1. So. Last year, TV historian Mary Beard went on The Jeremy Vine Show on Radio 2, to talk about the abuse she’d received online.
And the irony is, she got sent some really nasty, sexist tweets as a result.
3. So Mary named and shamed the guy who’d sent that tweet.
He turned out to be a 20-year-old from a wealthy family, who’d gone to public school and was a student at Nottingham.
He immediately apologised and deleted his account – Mary deleted the retweet, but not before half of Twitter had, not without good reason, given him hell. His story got covered everywhere, so every time you Googled his name, people saw what he’d done. Lesson learned.
4. But what’s awesome is what happened next.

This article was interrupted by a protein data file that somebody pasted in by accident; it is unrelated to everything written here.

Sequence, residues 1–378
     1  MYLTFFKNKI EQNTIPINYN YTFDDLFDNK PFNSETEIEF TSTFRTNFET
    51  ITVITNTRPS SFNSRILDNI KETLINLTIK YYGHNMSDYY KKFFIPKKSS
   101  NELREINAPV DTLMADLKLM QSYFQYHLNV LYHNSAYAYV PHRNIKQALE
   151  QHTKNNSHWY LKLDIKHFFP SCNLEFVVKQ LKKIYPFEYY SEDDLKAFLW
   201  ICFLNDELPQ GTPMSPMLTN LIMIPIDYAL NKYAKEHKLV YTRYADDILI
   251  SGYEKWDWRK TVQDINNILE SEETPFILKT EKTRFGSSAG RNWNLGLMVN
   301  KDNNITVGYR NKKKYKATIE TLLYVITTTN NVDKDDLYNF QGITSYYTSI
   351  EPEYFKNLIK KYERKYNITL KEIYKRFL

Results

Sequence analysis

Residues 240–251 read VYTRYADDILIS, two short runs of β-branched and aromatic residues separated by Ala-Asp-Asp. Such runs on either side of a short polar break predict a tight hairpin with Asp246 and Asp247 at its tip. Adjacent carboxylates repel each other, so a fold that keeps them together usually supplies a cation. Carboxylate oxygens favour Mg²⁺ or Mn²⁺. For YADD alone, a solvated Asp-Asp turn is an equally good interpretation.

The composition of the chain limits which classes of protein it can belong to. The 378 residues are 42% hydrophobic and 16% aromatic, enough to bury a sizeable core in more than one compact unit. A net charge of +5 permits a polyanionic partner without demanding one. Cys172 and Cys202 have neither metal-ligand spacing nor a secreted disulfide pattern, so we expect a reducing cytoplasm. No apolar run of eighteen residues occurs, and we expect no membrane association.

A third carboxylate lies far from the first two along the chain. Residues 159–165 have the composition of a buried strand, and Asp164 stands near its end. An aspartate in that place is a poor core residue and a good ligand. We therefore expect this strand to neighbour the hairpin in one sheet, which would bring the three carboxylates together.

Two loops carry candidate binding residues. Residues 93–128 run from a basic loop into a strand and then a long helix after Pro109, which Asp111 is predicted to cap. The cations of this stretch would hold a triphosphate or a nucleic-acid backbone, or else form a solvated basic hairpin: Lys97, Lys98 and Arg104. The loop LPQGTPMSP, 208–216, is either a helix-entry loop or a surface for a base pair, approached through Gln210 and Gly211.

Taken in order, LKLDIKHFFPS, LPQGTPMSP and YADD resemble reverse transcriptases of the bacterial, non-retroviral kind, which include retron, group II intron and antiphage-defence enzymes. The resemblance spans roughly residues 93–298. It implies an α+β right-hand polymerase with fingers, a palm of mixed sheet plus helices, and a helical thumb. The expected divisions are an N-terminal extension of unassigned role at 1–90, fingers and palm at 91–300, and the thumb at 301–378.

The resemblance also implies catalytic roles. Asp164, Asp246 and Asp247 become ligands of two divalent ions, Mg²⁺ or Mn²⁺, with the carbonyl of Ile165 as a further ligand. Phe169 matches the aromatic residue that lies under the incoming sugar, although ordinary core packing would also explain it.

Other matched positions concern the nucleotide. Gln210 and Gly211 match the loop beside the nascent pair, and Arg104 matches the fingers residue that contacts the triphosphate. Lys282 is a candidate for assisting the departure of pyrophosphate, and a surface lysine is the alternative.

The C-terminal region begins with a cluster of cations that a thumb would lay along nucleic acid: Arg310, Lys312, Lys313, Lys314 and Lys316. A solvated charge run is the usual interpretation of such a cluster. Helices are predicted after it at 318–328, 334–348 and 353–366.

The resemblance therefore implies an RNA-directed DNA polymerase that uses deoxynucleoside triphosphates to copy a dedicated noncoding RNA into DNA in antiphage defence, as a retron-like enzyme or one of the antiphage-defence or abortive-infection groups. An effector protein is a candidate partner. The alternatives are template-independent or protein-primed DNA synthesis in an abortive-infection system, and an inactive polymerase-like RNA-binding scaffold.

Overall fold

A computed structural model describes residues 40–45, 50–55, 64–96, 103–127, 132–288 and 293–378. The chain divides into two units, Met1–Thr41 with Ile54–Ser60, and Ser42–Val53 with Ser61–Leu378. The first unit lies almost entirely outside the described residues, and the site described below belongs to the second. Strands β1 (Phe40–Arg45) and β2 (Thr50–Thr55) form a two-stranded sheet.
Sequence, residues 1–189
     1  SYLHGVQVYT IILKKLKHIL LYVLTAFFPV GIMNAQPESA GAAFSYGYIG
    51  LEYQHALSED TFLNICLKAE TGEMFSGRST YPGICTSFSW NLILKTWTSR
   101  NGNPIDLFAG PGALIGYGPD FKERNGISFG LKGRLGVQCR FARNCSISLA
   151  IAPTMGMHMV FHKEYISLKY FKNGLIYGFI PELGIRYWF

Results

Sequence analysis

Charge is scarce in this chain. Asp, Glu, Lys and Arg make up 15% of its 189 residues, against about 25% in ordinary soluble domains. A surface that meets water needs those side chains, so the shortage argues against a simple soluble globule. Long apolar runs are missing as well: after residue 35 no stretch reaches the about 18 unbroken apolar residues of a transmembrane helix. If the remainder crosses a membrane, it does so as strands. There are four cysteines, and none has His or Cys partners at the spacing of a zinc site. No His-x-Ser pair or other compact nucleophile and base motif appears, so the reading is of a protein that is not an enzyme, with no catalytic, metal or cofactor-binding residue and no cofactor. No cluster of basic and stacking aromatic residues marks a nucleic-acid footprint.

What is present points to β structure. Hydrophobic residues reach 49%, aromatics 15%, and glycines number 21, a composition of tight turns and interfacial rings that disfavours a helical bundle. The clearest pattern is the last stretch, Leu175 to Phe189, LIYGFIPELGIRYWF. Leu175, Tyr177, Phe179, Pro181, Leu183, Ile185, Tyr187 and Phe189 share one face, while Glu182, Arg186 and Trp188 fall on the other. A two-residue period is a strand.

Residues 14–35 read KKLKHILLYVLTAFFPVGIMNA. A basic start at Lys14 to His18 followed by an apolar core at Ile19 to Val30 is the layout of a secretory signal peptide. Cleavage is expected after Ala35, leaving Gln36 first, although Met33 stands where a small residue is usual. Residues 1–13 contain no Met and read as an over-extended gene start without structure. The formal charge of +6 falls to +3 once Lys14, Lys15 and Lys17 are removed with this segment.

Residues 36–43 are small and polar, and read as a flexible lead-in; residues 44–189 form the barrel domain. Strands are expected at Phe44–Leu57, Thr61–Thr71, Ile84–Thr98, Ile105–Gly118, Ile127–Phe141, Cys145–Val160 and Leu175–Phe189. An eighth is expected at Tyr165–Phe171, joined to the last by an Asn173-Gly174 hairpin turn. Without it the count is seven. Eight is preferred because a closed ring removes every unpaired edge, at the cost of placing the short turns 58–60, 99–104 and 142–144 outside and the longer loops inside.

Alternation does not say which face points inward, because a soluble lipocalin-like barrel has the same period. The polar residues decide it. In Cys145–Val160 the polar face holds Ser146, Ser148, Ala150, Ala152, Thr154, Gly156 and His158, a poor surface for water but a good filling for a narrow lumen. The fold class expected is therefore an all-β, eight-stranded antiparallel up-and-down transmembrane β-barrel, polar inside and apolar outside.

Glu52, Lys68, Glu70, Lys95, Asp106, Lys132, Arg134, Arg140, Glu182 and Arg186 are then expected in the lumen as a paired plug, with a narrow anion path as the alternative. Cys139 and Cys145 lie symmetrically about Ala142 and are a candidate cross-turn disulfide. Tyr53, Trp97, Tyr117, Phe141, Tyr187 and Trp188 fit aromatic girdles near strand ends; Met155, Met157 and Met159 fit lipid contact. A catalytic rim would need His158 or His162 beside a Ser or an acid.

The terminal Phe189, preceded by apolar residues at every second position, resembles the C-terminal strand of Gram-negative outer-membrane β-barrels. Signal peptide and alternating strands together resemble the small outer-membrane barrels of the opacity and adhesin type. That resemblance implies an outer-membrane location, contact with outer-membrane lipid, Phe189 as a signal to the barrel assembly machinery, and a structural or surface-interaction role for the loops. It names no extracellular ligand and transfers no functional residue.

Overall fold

Which is this: Mary Beard, OBE, blogger, and presenter of the best programme about Ancient Rome there has ever been, took the guy out for lunch.
5. And now she’s told the New Yorker that she’s writing letters of reference for him:
He is going to find it hard to get a job, because as soon as you Google his name that is what comes up. And although he was a very silly, injudicious, and at that moment not very pleasant young guy, I don’t actually think one tweet should ruin your job prospects.
And as she explains, this isn’t the only time she’s done something like this. She helped another guy out on email who’d previously told her she was “evil”, and tells the magazine: “Now when I have a bit of Internet trouble, I get an e-mail from him saying, ‘Mary, are you all right? I was worried about you.’”
7. Which is cool and all. But let’s also note this, from the same interview:
Some of these adjectives we use, like ‘maternal’—try putting ‘human’ in there instead. If being a decent soul is being maternal, then fine. I’ll call it human.